A confession: we’re not much into world building in what, in our own shorthand, we call our Wheelworld stories, the stories around the sell-sword Kaila, scribe Ymke and teenage rogue Sebastien.
From a thread on Twitter about King Arthur, which is worth reading: ...the popularity of arthur stories is largely a manufacture of british protestants to invent a pre-catholic, post-roman, christian romantic past that could be deployed in the service of social conservatism as articulated through storytelling, architecture, and interior design.
We find this thought very freeing as authors who have lost too much time to find out “which foods are old world and which new world produce” and are reluctant to make their late medieval-ish fantasy conform precisely to the limits of what tech existed in what analog country in our world. It’s detail-focused, rather than processing from generalities upward. It’s never been our ambition for Wheelworld (the clue is in the fact we’ve begun ironically referring to it like that) to be one of those ultra-precise fantasy worlds where we know every linguistic, historical, topographical, flora/fauna detail.
We love created worlds like that. There’s an incredible complexity and subtlety that becomes possible when you truly know every inch of your fantasy world. Our friend Ricardo Pinto, with his Stone Dance of the Chameleon series, surpasses Tolkien in the depth and originality of his conlangs, genealogies and history. His website offers a taste of the background material he created for his magnum opus (and we really recommend the revised, seven-part edition). Our imagination however works the other way round, and we lean into that: broadly, we look at what the story needs, and make the world to fit those needs.
In this approach, we follow in the footsteps of Robert E. Howard, creator of Conan, whose Hyborian world is overlaid on the map of Europe as we know it, and whose place and personal names purposely echo cultures we know. His Aquilonian kingdom reminds us of the medieval French Aquitaine; when he mentions the people of Shem, we know roughly where they come from. It’s a shorthand for him, using the general knowledge of the readers, so that he can get on with the story he wants to tell. Likewise, for The Red Man we’ve used a version of the northern Netherlands, Road to Starohrad is set in Prague (sort of) and for The Return of the Uncomplaining Child we looked (literally) at Fritz Lang’s Nibelungen. We allow our readers’ associations to construct our world in their minds.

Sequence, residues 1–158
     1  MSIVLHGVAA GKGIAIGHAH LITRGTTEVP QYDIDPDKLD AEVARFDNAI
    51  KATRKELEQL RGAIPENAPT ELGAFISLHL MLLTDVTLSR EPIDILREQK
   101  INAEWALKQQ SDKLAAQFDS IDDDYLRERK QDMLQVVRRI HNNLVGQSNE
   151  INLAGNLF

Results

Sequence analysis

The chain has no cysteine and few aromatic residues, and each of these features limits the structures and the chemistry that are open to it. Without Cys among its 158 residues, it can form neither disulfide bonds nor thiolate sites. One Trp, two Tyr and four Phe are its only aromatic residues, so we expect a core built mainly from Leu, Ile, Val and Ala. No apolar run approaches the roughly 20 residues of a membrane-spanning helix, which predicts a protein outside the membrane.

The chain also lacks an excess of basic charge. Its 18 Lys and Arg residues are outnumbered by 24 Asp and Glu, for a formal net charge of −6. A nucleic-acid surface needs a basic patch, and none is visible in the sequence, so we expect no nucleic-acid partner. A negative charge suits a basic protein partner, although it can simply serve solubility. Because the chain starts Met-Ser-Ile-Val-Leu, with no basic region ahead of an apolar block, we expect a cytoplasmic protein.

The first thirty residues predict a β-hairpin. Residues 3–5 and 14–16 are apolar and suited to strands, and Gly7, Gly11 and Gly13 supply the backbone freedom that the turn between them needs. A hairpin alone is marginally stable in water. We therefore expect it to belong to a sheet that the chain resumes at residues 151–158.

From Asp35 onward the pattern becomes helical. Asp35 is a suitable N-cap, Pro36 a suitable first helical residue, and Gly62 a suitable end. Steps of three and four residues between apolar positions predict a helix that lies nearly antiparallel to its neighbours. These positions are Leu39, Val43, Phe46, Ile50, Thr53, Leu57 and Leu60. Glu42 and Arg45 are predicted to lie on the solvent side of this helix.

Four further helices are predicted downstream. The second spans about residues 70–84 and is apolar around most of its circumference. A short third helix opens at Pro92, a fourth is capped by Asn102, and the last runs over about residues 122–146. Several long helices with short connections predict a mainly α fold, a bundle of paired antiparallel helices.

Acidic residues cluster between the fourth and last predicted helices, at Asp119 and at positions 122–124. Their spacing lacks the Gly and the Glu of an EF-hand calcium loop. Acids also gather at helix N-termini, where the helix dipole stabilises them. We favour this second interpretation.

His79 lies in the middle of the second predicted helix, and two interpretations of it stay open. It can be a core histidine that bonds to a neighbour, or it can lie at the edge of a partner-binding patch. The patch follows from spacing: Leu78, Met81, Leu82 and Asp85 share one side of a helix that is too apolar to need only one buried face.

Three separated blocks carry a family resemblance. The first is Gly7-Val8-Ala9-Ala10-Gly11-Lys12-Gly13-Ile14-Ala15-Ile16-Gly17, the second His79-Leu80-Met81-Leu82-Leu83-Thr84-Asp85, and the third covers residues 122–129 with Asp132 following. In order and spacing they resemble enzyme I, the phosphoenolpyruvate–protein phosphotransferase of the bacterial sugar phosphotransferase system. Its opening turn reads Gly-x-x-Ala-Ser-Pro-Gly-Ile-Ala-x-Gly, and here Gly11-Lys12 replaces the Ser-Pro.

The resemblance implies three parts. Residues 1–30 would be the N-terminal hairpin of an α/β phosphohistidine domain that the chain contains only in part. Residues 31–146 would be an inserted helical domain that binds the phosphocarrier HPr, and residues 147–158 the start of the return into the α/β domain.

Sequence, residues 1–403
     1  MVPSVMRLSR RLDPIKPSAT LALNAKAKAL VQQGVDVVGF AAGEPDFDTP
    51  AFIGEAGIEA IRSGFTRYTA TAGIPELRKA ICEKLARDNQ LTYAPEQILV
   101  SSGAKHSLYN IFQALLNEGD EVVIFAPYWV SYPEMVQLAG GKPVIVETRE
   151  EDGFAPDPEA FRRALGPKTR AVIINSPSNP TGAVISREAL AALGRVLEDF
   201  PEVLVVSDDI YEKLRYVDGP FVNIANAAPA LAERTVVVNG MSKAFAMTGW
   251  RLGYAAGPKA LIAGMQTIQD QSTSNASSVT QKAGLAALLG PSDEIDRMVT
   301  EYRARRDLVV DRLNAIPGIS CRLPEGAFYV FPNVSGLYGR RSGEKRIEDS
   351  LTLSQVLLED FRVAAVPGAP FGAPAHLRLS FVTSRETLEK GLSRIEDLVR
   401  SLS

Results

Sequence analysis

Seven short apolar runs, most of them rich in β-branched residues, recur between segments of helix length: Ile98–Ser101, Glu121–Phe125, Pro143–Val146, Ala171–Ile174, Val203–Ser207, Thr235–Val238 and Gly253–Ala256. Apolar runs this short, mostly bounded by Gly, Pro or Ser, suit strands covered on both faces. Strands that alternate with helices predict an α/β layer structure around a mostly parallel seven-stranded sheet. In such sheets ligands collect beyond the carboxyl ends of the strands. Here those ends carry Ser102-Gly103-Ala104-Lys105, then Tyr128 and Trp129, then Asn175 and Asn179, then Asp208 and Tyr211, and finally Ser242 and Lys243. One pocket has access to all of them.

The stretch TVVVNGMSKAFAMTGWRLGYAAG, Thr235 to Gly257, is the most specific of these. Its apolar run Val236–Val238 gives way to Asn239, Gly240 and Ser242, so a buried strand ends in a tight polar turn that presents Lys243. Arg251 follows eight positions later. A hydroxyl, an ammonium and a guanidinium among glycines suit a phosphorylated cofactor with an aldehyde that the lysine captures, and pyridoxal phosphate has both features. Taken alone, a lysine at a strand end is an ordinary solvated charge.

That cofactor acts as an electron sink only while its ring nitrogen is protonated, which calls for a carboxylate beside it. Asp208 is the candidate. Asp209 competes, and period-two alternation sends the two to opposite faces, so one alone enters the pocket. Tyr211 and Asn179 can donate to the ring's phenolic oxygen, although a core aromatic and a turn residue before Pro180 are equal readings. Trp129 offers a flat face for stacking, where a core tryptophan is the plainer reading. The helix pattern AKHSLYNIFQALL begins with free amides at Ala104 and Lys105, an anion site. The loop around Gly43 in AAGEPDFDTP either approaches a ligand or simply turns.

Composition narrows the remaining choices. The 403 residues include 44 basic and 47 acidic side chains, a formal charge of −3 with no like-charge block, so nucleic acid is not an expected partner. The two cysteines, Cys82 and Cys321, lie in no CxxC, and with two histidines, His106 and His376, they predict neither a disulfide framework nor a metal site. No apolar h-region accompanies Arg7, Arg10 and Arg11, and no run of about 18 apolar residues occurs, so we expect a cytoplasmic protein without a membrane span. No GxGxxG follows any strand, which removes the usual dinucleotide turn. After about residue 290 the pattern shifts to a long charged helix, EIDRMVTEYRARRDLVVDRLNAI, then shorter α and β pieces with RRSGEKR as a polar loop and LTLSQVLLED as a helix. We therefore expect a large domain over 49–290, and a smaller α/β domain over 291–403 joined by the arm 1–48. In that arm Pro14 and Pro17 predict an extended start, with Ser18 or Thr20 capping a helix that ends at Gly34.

If we had made a map of Wheelworld, it would be a bit like that of Europe, though stretched out in certain parts, shrunk to insignificance in others. Our “northern Netherlands” definitely seem to be larger. Our approach has been to unfurl the world under our characters’ feet as we’ve needed new parts of it. None of them had the kind of education, or the kind of things expected of them in life, to give them a king’s or a scholar’s understanding of their world. So that world has… unrendered bits. Their world is like a medieval map, with vague “somewhere over there”s and “here be monsters”.
And things work a bit differently in that world generally. How different depends on what we’d like to do, or sometimes where our trio leads us. We haven’t talked about this before because it always seems like such a cop-out when meticulous world-building is a thing many people adore in fantasy.
Our curiosity lies more in the daily human relations of the world than its full historical record. Oh, bits of its history have emerged and continue to emerge. It’s getting more solid, and parts of it will get very solid as we take you through the rest of our heroes’ adventures. But its life and vigour rely on there being hinterlands; unmapped, unregarded bits. And one theme that keeps coming up is the precarity of civilisation: not even the lofty bits, but the everyday standards, like not murdering your neighbour. In that sense too it’s Howardian.
Granted, at least he did have a map!